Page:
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Doomsday Eve

Gelesen von Mark Nelson

(4,268 Sterne; 228 Bewertungen)

In the midst of the war—that terrible conflict that threatened humanity's total destruction—the "new people" suddenly appeared. Quietly performing incredible deeds, vanishing at will, they were an enigma to both sides. Kurt Zen was an American intelligence officer among the many sent to root them out. He found them. Taken captive in their hidden lair, he waited as the enemy prepared to launch the super missile, the bomb to end all bombs—and all life. If only he could find the source of the new people's power, Kurt alone might be able to prevent obliteration of the Earth....
- Summary by Original text (4 hr 33 min)

Chapters

Chapter 1

16:27

Read by Mark Nelson

Chapter 2

13:56

Read by Mark Nelson

Chapter 3

15:11

Read by Mark Nelson

Chapter 4

19:16

Read by Mark Nelson

Chapter 5

20:57

Read by Mark Nelson

Chapter 6

19:12

Read by Mark Nelson

Chapter 7

10:23

Read by Mark Nelson

Chapter 8

22:45

Read by Mark Nelson

Chapter 9

25:46

Read by Mark Nelson

Chapter 10

23:21

Read by Mark Nelson

Chapter 11

21:24

Read by Mark Nelson

Chapter 12

19:37

Read by Mark Nelson

Chapter 13

20:03

Read by Mark Nelson

Chapter 14

25:11

Read by Mark Nelson

Bewertungen

Entertaining, but...

(4 Sterne)

Mark Nelson performs admirably. The story is entertaining, esp. if you enjoy 1950s sci fi sensibilities. But... I am a Bible-believing follower of Jesus Christ, so I found this story missed the mark on its central premise. The author posits the existence of a "race mind" that evolves from the collective consciousness of enlightened individuals over a galactic timeframe. The idea of joining with the race mind upon death is called "going to Heaven." When asked how to do this, the race mind answers that it is by "faith"--the text actually uses that word. As a Christian, I find these ideas a shallow parody of Scriptural truths. What the book presents as a bland merging together in "heaven" is weak in comparison to the soul-filling, joyful unification that Christians are promised (described in Revelation as a wedding feast). The race mind acts like a personal intelligence, but it is so devoid of feeling as to be cold and uncaring; by contrast, the God of the Bible is lavishly loving and inviting.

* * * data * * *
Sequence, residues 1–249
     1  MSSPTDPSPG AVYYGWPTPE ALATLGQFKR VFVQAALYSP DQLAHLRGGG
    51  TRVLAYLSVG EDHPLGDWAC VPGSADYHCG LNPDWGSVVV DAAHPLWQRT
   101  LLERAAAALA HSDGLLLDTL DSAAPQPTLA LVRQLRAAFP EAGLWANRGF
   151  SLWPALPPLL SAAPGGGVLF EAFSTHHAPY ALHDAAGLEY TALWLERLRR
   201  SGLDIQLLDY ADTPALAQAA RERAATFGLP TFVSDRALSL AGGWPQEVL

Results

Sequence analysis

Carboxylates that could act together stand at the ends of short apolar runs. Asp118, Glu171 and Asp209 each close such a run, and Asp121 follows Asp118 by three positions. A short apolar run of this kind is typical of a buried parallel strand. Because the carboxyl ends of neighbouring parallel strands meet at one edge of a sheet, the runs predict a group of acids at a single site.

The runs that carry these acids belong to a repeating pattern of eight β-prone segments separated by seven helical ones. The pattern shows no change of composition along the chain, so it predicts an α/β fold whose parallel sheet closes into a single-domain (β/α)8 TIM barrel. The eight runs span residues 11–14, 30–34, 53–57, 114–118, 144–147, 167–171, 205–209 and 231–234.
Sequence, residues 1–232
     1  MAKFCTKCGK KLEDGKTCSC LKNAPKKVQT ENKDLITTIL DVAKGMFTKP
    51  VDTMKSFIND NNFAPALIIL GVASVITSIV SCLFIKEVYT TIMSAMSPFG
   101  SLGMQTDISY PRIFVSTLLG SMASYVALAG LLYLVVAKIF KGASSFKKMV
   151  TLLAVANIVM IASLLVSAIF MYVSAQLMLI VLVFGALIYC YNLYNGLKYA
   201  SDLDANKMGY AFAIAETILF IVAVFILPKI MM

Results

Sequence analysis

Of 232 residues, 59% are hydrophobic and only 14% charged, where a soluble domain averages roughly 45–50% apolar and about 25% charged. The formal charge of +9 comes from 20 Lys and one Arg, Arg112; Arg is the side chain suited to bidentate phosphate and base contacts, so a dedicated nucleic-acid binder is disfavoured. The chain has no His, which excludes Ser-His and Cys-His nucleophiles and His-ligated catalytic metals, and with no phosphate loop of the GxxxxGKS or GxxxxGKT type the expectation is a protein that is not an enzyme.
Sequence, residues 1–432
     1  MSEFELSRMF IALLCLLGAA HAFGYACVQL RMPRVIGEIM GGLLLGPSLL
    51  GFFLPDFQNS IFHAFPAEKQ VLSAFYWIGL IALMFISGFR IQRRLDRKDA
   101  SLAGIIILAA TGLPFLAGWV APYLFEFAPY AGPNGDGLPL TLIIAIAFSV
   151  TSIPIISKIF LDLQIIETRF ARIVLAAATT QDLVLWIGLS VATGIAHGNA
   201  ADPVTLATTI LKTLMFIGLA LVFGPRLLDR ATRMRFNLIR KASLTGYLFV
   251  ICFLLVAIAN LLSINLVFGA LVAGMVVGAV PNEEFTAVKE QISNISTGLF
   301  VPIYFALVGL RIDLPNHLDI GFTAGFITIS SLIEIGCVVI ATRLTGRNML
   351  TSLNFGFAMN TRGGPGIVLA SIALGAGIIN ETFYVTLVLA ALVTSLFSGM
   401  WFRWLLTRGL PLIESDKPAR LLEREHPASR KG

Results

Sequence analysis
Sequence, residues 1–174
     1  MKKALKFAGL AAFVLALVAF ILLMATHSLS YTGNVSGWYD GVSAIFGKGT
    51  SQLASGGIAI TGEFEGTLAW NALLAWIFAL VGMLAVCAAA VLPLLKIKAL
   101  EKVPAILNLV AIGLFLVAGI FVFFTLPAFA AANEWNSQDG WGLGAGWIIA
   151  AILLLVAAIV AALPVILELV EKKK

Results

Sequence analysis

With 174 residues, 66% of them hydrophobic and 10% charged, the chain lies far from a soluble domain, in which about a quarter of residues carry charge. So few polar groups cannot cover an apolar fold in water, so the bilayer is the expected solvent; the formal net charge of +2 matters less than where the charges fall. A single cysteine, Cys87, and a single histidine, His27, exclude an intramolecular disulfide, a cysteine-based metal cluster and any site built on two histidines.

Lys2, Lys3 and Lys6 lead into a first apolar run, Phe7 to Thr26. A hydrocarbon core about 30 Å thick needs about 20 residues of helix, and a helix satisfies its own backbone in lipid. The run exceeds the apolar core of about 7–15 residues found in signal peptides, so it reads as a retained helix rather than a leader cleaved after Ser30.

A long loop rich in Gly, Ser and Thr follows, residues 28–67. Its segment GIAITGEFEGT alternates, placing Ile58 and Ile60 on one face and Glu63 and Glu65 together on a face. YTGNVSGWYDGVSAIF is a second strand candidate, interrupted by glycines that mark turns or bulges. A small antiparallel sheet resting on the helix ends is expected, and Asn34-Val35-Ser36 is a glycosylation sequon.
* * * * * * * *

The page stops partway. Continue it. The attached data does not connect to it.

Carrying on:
Good concept

(5 Sterne)

Enjoyed this story. Like this authors writing style. It does portray the attitudes of men of the 50's which the politically correct of today who are obsessed with being offended will certainly be offended. However, if you understand the era and WWII, you'll enjoy this too. As always, Mark does a great job of reading and book choice. Thank you

Bravo from Borneo

(3,5 Sterne)

Really enjoyed this sci-fi tale so sublimely read by the great Mark Nelson. The plot explores how war is hell and how a benevolent race want to ultimately bring an end to it forever.

Well read, average story

(2,5 Sterne)

Well read as always by this narrator, but the story is average at best. Other reviews are gushing five stars, as always! Believe what you will.

another excellent reading

(4 Sterne)

This story was way too much like 2020 Era. Without the odious sjw's.

Poorly written

(1 Sterne)

absolutely horrible! I generally never leave bad reviews. if it's a bad egg, I'd rather not even bother. But this was a complete waste of life! Even taking into account the old style of writing, it felt like a 9 year old boy wrote it. Great narration by the way. Listened to many of his reads. I would rate no stars, however, then people would assume I forgot to rate it.

Not bad.

(5 Sterne)

I would say that while the science-fiction elements of the story are dated, it does an excellent job of serving as a cautionary tale to those who think neutrality is an option when faced with evil. Let's go, Brandon

fair story, great reading

(3,5 Sterne)

I found the protagonist a bit of an ass at times, probably “hero alpha male” of years gone by. There are interesting ideas here, well paced and generally interesting